We found no correlation between traditional evaluation metrics and Twitter metrics. However, in many sessions with and without traditional evaluation metrics, audience created real-time tweets to disseminate knowledge. Future conference organizers could use Twitter metrics as a complement to traditional evaluation metrics to evaluate knowledge translation and dissemination.
Distinguishing between hypertrophic cardiomyopathy and other causes ofleft ventricular hypertrophy can be difficult in children. We hypothesised that cardiac MRI T1 mapping could improve diagnosis of paediatric hypertrophic cardiomyopathy and that measures of myocardial function would correlate with T1 times and extracellular volume fraction.
Thirty patients with hypertrophic cardiomyopathy completed MRI with tissue tagging, T1-mapping, and late gadolinium enhancement. Left ventricular circumferential strain was calculated from tagged images. T1, partition coefficient, and synthetic extracellular volume were measured at base, mid, apex, and thickest area of myocardial hypertrophy. MRI measures compared to cohort of 19 healthy children and young adults. Mann–Whitney U, Spearman’s rho, and multivariable logistic regression were used for statistical analysis.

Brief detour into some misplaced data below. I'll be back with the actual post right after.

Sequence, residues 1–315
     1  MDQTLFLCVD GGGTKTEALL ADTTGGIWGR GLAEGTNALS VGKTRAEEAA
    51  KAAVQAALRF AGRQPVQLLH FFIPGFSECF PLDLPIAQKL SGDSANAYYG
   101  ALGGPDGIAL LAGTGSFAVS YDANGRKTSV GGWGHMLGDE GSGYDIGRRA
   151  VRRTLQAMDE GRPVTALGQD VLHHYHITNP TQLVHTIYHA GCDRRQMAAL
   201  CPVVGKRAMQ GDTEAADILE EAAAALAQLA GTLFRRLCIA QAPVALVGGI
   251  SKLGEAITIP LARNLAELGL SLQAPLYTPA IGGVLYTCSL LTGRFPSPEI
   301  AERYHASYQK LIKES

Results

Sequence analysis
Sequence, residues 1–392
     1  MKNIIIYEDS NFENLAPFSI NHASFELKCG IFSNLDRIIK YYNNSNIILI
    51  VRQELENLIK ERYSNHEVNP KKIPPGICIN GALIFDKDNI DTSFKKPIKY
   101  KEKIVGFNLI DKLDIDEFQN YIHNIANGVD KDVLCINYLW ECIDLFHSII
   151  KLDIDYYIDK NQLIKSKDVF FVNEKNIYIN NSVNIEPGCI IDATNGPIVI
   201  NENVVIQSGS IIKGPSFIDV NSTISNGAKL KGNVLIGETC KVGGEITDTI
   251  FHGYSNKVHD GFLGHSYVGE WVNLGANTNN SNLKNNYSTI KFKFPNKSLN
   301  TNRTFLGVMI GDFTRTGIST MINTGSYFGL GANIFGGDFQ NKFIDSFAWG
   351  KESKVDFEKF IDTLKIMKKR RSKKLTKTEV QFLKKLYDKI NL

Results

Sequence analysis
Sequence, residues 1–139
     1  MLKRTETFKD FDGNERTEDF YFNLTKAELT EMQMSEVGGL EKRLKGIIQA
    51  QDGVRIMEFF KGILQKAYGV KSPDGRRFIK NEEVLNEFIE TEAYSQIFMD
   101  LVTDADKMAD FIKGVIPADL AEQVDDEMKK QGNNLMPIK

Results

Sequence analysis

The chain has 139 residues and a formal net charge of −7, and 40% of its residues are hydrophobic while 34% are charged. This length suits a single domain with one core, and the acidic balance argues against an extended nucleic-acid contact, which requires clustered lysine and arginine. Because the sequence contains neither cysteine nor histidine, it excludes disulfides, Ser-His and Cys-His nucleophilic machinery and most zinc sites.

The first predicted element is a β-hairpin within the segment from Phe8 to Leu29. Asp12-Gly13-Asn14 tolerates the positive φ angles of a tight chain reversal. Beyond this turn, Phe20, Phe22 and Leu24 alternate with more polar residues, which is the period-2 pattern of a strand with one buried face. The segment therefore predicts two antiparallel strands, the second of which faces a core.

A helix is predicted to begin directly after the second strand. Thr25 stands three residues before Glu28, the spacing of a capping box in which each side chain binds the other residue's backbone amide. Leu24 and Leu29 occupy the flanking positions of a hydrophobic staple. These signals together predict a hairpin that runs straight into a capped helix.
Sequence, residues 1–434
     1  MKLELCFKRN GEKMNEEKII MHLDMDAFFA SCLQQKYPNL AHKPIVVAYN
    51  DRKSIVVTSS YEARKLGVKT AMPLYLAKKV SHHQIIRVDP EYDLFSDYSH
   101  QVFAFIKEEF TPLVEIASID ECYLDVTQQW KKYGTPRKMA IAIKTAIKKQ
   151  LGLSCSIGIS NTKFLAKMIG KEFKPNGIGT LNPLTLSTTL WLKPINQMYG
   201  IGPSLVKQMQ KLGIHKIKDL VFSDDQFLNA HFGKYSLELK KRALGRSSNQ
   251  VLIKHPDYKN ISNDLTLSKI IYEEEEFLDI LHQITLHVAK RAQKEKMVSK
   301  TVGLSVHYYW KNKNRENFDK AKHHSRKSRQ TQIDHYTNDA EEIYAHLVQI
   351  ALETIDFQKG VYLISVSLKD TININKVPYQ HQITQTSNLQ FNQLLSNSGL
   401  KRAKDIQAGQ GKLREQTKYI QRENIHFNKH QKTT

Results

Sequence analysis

Hypertrophic cardiomyopathy patients had increased left ventricular ejection fraction and indexed mass. Hypertrophic cardiomyopathy patients had decreased global strain and increased native T1 (−14.3% interquartile range [−16.0, −12.1] versus −17.3% [−19.0, −15.7], p < 0.001 and 1015 ms [991, 1026] versus 990 ms [972, 1001], p = 0.019). Partition coefficient and synthetic extracellular volume were not increased in hypertrophic cardiomyopathy. Global native T1 correlated inversely with ejection fraction (ρ = −0.63, p = 0.002) and directly with global strain (ρ = 0.51, p = 0.019). A logistic regression model using ejection fraction and native T1 distinguished between hypertrophic cardiomyopathy and control with an area under the receiver operating characteristic curve of 0.91.